Each summer, the University of Rhode Island Graduate School of Oceanography (GSO) hosts undergraduate students from all over the country to participate in oceanographic research. These Summer Undergraduate Research Fellows (SURFOs) have not only been working with GSO scientists, but they also have spent part of their time learning how to communicate this science to the public. Read on to find out what they have been up to, and why everyone should be as excited as they are about their work.
Nathan Gonzalez will be entering his junior year at Gordon College in Wenham, MA in Fall 2022. He is majoring in Applied Physics and Mathematics with a concentration in Engineering Physics. This summer, he is working in the Robotics Laboratory for Complex Underwater Environments (RCUE) at the University of Rhode Island under the advising and mentorship of Dr. Stephen Licht. Read on to learn about his interesting research!
Climate change is proving to be one of the century’s most critical issues. Wildfires, droughts, flooding, and sea-level rise all associated with climate change have had detrimental impacts on communities and wildlife habitats across the globe. These dangerous weather events are also becoming increasingly severe. One of the major issues associated with sea-level rise is coastal erosion. The beaches many of us remember from our childhoods are either disappearing or have since been lost to the ocean. In the past, weather events such as small tropical storms might have had little to no major effects on coastal communities, but now storms are washing away entire sections of beaches and putting towns underwater.
In addition to the dangers of erosion, such as natural disasters like cliff slides and flooding, coastal areas have to consider the economic repercussions that erosion might bring. Many communities heavily rely on the income generated as a result of their proximity to the ocean. Eroding beaches might deter tourists and cause businesses to go under.
Erosion dangers have put lives and property in harm’s way, forcing localities to consider how they can prevent such disasters from occurring in the future, as well as try to predict where they may occur next. Some coastal areas have already employed methods of slowing or stopping erosion. These methods include seawalls, breakwaters, and bulkheads.
The problem with these solutions, however, is that they are only a short-term fix and they require an extremely large initial investment. If better data about coastal erosion existed, it would allow localities to be more strategic with how they invested in coastal infrastructure. By understanding the shape of the coast and how it is changing, it might also be possible to use alternative methods of lessening the impact of erosion such as strategic planting of vegetation and beach nourishment. To better equip such efforts, scientists and local agencies have begun strategic efforts designed to better track the changing shape of the coast.
Many of the current technologies that are available for coastal assessments are expensive or inaccessible. For this reason, there is not a lot of information regarding coastal erosion for the vast majority of coastlines around the world. This summer, I am working in the Robotics Laboratory for Complex Underwater Environments (RCUE) where we hope to solve both the issues of affordability and accessibility in coastal erosion assessments.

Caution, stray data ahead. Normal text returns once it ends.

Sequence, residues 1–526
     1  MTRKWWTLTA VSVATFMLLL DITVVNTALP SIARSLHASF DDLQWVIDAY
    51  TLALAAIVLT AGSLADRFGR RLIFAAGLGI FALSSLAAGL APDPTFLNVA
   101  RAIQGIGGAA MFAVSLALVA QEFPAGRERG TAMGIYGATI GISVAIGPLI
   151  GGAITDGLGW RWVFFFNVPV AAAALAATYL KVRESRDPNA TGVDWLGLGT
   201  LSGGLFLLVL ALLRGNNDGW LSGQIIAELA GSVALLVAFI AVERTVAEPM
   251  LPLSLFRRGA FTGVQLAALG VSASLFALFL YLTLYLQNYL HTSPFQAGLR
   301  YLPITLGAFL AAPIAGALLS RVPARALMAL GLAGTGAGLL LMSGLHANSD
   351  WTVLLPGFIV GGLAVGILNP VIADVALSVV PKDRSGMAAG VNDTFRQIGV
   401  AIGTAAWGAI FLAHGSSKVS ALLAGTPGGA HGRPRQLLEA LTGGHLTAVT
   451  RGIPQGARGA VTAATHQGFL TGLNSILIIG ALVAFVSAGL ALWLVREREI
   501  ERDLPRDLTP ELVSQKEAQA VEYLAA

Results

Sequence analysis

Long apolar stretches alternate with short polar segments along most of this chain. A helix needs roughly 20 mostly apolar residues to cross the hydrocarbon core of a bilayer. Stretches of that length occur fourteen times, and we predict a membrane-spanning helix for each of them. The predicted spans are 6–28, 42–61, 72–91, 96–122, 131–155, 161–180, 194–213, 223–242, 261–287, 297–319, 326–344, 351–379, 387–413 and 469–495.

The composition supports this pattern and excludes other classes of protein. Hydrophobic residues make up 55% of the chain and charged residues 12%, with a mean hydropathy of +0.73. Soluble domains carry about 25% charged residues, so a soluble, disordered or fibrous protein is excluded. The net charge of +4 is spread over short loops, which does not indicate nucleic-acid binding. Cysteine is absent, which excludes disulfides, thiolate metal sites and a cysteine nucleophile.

RCUE has developed an ultra-lightweight unmanned surface vehicle (USV) for near-shore surveys, which can help us collect data about the sections of beach covered by water. During these surveys, the USV navigates a predetermined path along the coast. As it moves, the USV measures the depth, longitude, and latitude at every location on its journey. As the USV gathers data about the beach floor below the water line, we also use an unmanned aerial vehicle (UAV) to gather data about the dry shore above the water line. The UAV uses an attached high-definition camera to take photographs of the coast, while also collecting information on elevation and coordinates. Once we have all of the data, it is important for us to visualize it in a meaningful way.
Extrapolating useful information from the gathered data is the main focus of my work this summer. I am creating digital elevation models (DEM) using the information collected from the USV and UAV. With these DEMs I am able to take transects, or cuts, across both vehicles’ data sets for a particular location, giving me corresponding depths, longitudes, and latitudes. Each location has been sampled multiple times. Once enough DEMs have been made, a catalog of these transects will be created at a variety of locations, showing how each location’s coastline is changing over time. These cataloged transects will then be used to inform the necessary infrastructure for preventing or slowing erosion. We are hopeful this data will help the wildlife habitats, coastal communities, and industries that are affected by shrinking coastlines.
Cover Image: An image from the National Park Service depicting some of the erosion that has occurred on Cape Hatteras National Seashore in North Carolina.
I am a PhD candidate at Wake Forest University, and I received a B.S. in Biology from Cornell University. My research focuses on the terrestrial locomotion of fishes. I am particularly interested in how different fishes move differently on land, and how one fish may move differently in different environments. While I tend to study small amphibious fishes, I’ve had a lifelong fascination with all ocean animals, and sharks in particular. When not doing science, I enjoy running, attempting to bake and cook, and reading.